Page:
Forward Thinking – Don’t let your home define you
Have you ever given a thought about where and how you want to spend your retirement years? I ask because if you, like me, are getting to a certain age, it’s something you should think about. Now. And if your parent or parents have already reached that age, it’s time to have a discussion with them too. Especially if they are hanging on to the family home.
I don’t usually share this story, but I hope my family’s saga might help change the trajectory yours is starting down and prevent years of frustration, power struggles, tears and financial unrest.
My dad, who turned 94 earlier this month, retired from a distinguished banking career at age 62. He’s a Boy Scouts of America Silver Beaver Award recipient and led the alumni association of the college we both attended and love. He helped start Richmond’s Habitat for Humanity chapter.
My mom, now 89, loved her “banker’s wife” role. She was a 40-plus- year volunteer at a United Methodist retirement home and an avid community advocate.
About 15 years ago, plans were announced for a new independent living, continuing care community near the home they bought in 1965. The new community, very similar to The Heritage at Brentwood, was being built adjacent to the county-owned nursing home and assisted living community.
After the community opened, many of their friends, especially church friends, sold their homes and moved into new apartment or cottage homes to take advantage of the maintenance-free lifestyle complete with the security of life care should it ever be needed.
Dad was ready to give up the family house, a tri-level with a half-acre yard, and would have readily moved. But Mom “wasn’t ready.” She would never be ready.
A few years later, Dad began having memory issues. My brothers made one last stab at helping them facilitate a move to the nearby CCRC. They met with the marketing director to determine what size home Mom and Dad could afford, given the Entrance Payment and monthly fees. When my younger brother was soon after diagnosed with pancreatic cancer, his greatest wish before he died was to see our parents situated in a community they could both live their best lives going forward. Mom continued to dig in her heels.
Meanwhile, their house needed painting, again. There was a major issue in the sewer line. The top oven of the double oven in which Mom baked literally hundreds of pound cakes a year died. Basic maintenance became a chore. Thousands of dollars were spent each year on yardwork. There were also health issues, routine and otherwise in addition to Dad’s increasing dementia.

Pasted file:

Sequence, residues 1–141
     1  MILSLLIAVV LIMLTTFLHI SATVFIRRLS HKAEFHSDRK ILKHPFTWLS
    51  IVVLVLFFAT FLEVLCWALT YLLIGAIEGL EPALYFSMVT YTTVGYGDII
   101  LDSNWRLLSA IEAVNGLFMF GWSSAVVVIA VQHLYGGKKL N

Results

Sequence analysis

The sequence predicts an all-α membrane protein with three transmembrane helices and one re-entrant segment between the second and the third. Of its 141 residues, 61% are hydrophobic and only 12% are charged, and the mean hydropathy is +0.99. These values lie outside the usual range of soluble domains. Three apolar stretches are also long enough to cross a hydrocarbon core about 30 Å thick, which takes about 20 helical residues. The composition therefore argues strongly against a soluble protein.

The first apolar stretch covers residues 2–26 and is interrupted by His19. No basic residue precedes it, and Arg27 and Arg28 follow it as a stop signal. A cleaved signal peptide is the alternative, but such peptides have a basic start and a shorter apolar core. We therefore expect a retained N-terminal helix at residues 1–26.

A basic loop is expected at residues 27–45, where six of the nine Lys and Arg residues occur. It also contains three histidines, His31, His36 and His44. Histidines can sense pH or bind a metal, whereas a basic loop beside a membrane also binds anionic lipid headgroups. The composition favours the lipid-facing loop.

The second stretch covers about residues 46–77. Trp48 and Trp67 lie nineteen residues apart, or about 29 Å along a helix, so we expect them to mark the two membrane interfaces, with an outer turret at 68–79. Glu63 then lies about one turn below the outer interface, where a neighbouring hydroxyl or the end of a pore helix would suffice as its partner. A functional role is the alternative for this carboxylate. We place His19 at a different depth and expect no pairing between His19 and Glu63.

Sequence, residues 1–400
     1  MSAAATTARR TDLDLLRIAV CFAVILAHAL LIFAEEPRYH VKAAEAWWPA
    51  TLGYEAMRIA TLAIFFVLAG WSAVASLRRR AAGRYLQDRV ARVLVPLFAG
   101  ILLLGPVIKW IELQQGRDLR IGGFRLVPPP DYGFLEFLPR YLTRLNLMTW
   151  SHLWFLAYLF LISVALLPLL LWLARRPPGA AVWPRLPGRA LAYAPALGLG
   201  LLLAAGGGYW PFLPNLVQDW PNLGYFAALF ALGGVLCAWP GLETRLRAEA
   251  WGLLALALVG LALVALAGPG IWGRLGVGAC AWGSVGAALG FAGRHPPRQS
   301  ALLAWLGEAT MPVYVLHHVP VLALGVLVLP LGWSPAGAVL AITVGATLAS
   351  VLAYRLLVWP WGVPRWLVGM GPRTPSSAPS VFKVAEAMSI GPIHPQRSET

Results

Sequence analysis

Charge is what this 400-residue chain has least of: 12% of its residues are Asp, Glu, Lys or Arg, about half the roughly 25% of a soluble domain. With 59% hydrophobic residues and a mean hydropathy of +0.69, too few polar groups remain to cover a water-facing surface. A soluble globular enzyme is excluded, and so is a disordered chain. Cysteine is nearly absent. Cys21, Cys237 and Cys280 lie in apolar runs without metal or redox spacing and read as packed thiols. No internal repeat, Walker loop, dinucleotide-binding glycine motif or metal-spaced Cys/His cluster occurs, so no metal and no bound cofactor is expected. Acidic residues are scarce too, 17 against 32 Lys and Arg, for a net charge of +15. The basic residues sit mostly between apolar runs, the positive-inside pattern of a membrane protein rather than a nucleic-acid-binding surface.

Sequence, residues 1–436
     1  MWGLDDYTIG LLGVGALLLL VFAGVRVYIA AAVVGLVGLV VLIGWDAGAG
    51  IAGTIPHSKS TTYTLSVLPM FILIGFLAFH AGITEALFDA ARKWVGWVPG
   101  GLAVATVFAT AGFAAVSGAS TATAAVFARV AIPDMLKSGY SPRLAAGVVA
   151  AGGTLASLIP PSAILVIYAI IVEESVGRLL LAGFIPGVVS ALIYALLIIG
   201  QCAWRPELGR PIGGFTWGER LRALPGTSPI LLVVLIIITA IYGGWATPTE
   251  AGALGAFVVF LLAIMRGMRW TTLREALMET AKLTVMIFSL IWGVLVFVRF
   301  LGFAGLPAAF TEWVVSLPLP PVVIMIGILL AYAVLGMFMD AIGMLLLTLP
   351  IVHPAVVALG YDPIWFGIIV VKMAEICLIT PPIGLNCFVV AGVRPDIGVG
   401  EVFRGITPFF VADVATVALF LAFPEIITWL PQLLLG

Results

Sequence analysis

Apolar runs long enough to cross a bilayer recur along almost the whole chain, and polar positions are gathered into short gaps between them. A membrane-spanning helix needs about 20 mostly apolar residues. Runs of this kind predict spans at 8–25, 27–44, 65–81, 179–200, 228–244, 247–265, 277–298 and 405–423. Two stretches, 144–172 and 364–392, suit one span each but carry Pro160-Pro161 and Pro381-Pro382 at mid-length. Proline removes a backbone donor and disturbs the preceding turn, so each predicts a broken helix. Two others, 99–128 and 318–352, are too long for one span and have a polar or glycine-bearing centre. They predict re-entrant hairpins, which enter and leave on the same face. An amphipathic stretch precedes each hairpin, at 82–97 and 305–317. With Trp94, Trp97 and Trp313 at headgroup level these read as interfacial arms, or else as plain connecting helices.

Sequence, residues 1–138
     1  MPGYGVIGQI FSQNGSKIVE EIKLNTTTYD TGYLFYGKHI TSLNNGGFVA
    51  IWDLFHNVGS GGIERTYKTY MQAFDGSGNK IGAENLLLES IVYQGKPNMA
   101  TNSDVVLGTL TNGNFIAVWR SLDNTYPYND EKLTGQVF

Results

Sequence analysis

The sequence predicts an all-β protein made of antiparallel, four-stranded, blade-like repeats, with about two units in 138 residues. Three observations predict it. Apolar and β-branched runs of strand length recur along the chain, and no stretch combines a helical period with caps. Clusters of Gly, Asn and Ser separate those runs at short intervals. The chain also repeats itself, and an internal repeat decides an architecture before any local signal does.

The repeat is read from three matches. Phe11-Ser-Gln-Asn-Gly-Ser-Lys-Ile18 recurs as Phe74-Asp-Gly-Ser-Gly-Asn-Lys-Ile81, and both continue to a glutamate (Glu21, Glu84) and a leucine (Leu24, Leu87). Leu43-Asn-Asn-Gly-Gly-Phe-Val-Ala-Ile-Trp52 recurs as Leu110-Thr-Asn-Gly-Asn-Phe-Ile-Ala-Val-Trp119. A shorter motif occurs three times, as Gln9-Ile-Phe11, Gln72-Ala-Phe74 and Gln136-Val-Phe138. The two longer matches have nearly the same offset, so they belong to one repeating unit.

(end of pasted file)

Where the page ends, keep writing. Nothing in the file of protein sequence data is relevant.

As the years passed, their opportunity to make a move together diminished. Several years ago, we moved Dad into a wonderful memory care facility. It cost $6,000-plus a month.
Do you know how fast a bank account diminishes when you pay $6,000 a month out of pocket – on top of your home’s regular and emergency monthly costs? The answer is fast.
If Mom and Dad had made the move to the life-care community, Mom could have remained in their apartment when the time came for Dad to move to its memory care unit at little additional monthly cost. If he – or she or both — had needed to move into the skilled nursing facility, they would still be paying the same monthly fee instead of the $12,000 or more private pay cost – times two if both needed it. Mom’s long-term care insurance would help cover her costs but far from the total amount.
But they didn’t.
A year ago, Mom finally made the move into a one-story home in an age-restricted community. She now admits she should have done it far earlier.
After a fall and subsequent hospitalization nearly 10 months ago, Dad is home with her with the help of home-health care and hospice. But the monthly costs of home care – more than the cost of his memory care facility — remain unsustainable unless or until Dad is moved to a Medicaid-eligible nursing home or passes.
Mom tears up every time she talks about it. “We should have moved earlier. Your dad would be heartbroken to know what our situation is,” she has said again and again. “We had no idea we might run out of money.”
It’s been a difficult, stressful and heartbreaking situation for my family. Which is why my husband and I have worked with a financial planner with the goal of spending our golden years in a life-care community – and making the move long before we need to. We’ll do it because we want to, and because it’s the best gift we can give our sons.
Susan Leathers is a semi-retired, Brentwood-based journalist with a keen interest in aging issues. Send suggestions for future columns to [email protected].
This monthly column is sponsored by The Heritage at Brentwood, Williamson County’s only LifeCare® community offering independent villa, garden villa and apartment homes on 48 acres – with the assurance of a full continuum of short- or long-term care right on-site if ever needed. For more information, call 615-507-2686 or visit www.theheritagelcs.com.
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